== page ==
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Disagreements between Russia and the West over Syria spark a diplomatic row

February 07, 2012, 14:08 UTC+3
1 pages in this article

Differences in positions in the UN Security Council on the situation in Syria remain the focus of Russia’s central media - Russia and China vetoed a resolution on Syria, which was drafted by the Western countries and the League of Arab States (LAS). Russian Foreign Minister Sergei Lavrov and Director of the Foreign Intelligence Service (SVR) Mikhail Fradkov are going to Damascus to convey to the Syrian President Bashar al-Assad a message from his Russian counterpart Dmitry Medvedev.

Disagreements about the situation in Syria between Russia and the West resulted in an unprecedented diplomatic row, Kommersant writes. Russian Foreign Minister Sergei Lavrov called “hysterical” statements made by the Western leaders about the use of the veto right by Moscow and Beijing during the vote in the UN Security Council on Syrian resolution. The West for its part insists that Moscow has stood by the “bloody dictator.” While Sergei Lavrov on Tuesday urgently flies to Damascus for talks with Bashar al-Assad, the West is looking for alternative ways to exert pressure on Syria.

Russian Foreign Minister Sergei Lavrov and the Foreign Intelligence Service Director Mikhail Fradkov are going to Damascus to convey to the Syrian President Bashar al-Assad a message from his Russian counterpart Dmitry Medvedev. The contents of this letter are kept in secret. Lavrov expressed regret that the UN Security Council’s resolution on Syria was put to a vote hastily. According to him, Moscow asked the Security Council not put it to a vote until he and Foreign Intelligence Service Director Mikhail Fradkov talk to Assad. “An obvious disrespect is seen in the refusal to wait for our return from Damascus,” Lavrov chided the Western partners.

“Why Paris and London, Washington and Brussels do the bidding of Doha and Riyadh, which, with the support of Ankara are ‘cleaning up’ Syria on the threshold of a war with Iran – is a special question,” President of the Middle East Institute Yevgeny Satanovsky writes in another article published by Kommersant.

“The vote [in the UN Security Council] drew the line under the unipolar world era, however, it was already on its last legs,” the political analyst is certain. “None of the promises given to Moscow over the past 20 years, say anything of whether the widely advertised ‘reset,” has been fulfilled, and lectures on democracy replace full-fledged partnership only when the pockets are empty. And the fate of the UN deserves no regret, if its functions, in addition to providing a sinecure to the armada of bureaucrats, are reduced to churning out decisions on the overthrow of governments, in support of rebellions and interference in civil wars.”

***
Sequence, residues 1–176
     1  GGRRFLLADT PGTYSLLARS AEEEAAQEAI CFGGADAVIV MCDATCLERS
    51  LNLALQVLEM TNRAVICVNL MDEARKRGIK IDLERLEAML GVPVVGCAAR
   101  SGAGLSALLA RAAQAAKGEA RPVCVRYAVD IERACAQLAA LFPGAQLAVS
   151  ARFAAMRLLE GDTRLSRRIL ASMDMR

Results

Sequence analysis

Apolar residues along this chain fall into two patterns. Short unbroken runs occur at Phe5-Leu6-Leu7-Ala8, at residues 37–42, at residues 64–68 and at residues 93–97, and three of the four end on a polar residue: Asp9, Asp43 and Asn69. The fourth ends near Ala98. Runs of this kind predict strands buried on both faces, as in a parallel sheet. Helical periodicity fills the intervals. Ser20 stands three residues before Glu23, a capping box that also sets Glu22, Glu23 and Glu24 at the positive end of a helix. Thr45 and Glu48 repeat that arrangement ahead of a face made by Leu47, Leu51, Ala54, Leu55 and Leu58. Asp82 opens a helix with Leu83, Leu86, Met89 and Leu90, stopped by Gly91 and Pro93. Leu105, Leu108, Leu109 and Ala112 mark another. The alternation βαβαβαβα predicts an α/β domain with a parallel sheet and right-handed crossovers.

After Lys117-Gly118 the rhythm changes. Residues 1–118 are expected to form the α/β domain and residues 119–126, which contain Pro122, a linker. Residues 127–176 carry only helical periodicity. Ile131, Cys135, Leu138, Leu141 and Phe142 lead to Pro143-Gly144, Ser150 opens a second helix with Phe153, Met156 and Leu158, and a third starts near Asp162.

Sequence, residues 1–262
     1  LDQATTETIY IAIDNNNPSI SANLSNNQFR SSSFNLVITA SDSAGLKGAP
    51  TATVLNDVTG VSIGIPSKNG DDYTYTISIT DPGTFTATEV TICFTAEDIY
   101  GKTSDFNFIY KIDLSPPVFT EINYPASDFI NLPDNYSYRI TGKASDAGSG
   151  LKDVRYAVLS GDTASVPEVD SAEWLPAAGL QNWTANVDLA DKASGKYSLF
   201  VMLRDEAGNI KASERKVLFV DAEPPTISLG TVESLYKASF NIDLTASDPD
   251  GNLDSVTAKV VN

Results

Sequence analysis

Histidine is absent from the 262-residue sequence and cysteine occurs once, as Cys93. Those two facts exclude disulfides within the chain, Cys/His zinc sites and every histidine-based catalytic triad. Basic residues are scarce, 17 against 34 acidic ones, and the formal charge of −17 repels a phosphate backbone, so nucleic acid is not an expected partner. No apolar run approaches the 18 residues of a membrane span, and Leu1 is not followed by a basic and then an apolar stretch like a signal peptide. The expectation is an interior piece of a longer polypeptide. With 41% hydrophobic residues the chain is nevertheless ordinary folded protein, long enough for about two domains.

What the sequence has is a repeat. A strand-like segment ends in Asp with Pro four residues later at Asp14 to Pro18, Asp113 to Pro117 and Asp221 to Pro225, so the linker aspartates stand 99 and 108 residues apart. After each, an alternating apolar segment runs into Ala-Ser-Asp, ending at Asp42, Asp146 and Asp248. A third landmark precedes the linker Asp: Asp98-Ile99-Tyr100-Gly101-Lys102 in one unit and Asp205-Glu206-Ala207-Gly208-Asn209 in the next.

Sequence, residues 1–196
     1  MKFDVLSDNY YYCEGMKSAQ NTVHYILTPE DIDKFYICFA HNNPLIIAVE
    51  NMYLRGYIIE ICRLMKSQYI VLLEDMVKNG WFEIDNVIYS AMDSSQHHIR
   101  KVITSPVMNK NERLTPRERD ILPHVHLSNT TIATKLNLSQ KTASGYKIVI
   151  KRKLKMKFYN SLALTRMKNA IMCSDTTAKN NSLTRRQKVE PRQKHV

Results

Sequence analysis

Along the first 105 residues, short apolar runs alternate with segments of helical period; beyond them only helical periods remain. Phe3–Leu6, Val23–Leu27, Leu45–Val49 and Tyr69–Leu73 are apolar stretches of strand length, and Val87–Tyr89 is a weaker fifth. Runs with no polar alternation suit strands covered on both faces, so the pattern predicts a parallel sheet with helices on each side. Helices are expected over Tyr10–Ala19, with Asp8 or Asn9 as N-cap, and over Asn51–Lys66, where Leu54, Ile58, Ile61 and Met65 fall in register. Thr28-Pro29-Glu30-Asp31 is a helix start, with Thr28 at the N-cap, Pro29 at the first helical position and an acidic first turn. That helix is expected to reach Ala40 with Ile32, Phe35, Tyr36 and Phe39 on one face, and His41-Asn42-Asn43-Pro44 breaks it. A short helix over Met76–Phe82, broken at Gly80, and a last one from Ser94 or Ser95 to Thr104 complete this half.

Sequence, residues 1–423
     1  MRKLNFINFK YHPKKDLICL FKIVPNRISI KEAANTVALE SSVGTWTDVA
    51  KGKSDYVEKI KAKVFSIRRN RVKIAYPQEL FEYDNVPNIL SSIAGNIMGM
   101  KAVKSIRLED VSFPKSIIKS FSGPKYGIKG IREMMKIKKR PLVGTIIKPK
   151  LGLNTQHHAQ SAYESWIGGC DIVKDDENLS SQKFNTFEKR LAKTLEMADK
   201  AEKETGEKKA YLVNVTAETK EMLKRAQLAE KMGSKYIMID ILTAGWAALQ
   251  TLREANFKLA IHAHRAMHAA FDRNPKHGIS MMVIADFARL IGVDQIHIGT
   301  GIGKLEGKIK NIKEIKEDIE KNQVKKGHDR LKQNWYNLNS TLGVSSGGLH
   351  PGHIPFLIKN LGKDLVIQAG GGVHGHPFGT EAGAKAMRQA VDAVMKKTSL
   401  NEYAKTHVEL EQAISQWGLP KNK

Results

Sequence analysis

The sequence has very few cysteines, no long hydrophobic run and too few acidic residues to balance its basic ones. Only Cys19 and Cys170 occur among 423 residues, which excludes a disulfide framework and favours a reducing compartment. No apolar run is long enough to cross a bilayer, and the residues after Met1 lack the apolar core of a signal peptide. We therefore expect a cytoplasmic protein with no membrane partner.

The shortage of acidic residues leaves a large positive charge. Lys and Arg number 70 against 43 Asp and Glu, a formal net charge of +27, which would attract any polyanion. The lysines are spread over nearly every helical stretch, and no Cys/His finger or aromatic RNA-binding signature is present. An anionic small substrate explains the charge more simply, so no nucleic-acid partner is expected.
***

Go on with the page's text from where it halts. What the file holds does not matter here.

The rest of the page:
The expert believes the trip to Damascus of Sergei Lavrov and Mikhail Fradkov showed that Bashar al-Assad is ready to negotiate with Russia, unlike with the West, Turkey and the Arab League. “Neither Russia nor China today will be at war with the West over Syria, the same as they will not participate in the overthrow of Assad, which cannot but result in the radical Islamists’ coming to power, disintegration of the country and the slaughter of Shiites and Christians,” Satanovsky said.

Washington politicians hypocritically accuse Russia of pursuing its own economic interests by defending Syria, Rossiiskaya Gazeta writes. Apparently, the logic of the critics is such that the US actions are always based on sheer altruism and high ideals. The military campaigns with the American involvement in Iraq and Libya have especially vividly demonstrated these principles in action.

The experience of the “Arab Spring” events that swept through the Middle East and North Africa obviously demonstrates: any calls for peaceful “letting off steam” lead to the opposite result, the publication stresses. At best, they end with bloodless revolutions opening for Islamic fundamentalists the way to power. And in the worst case scenario – with a protracted civil war that can any moment grow into a religious or tribal conflict. Such a confrontation can last for years, claiming more and more lives.


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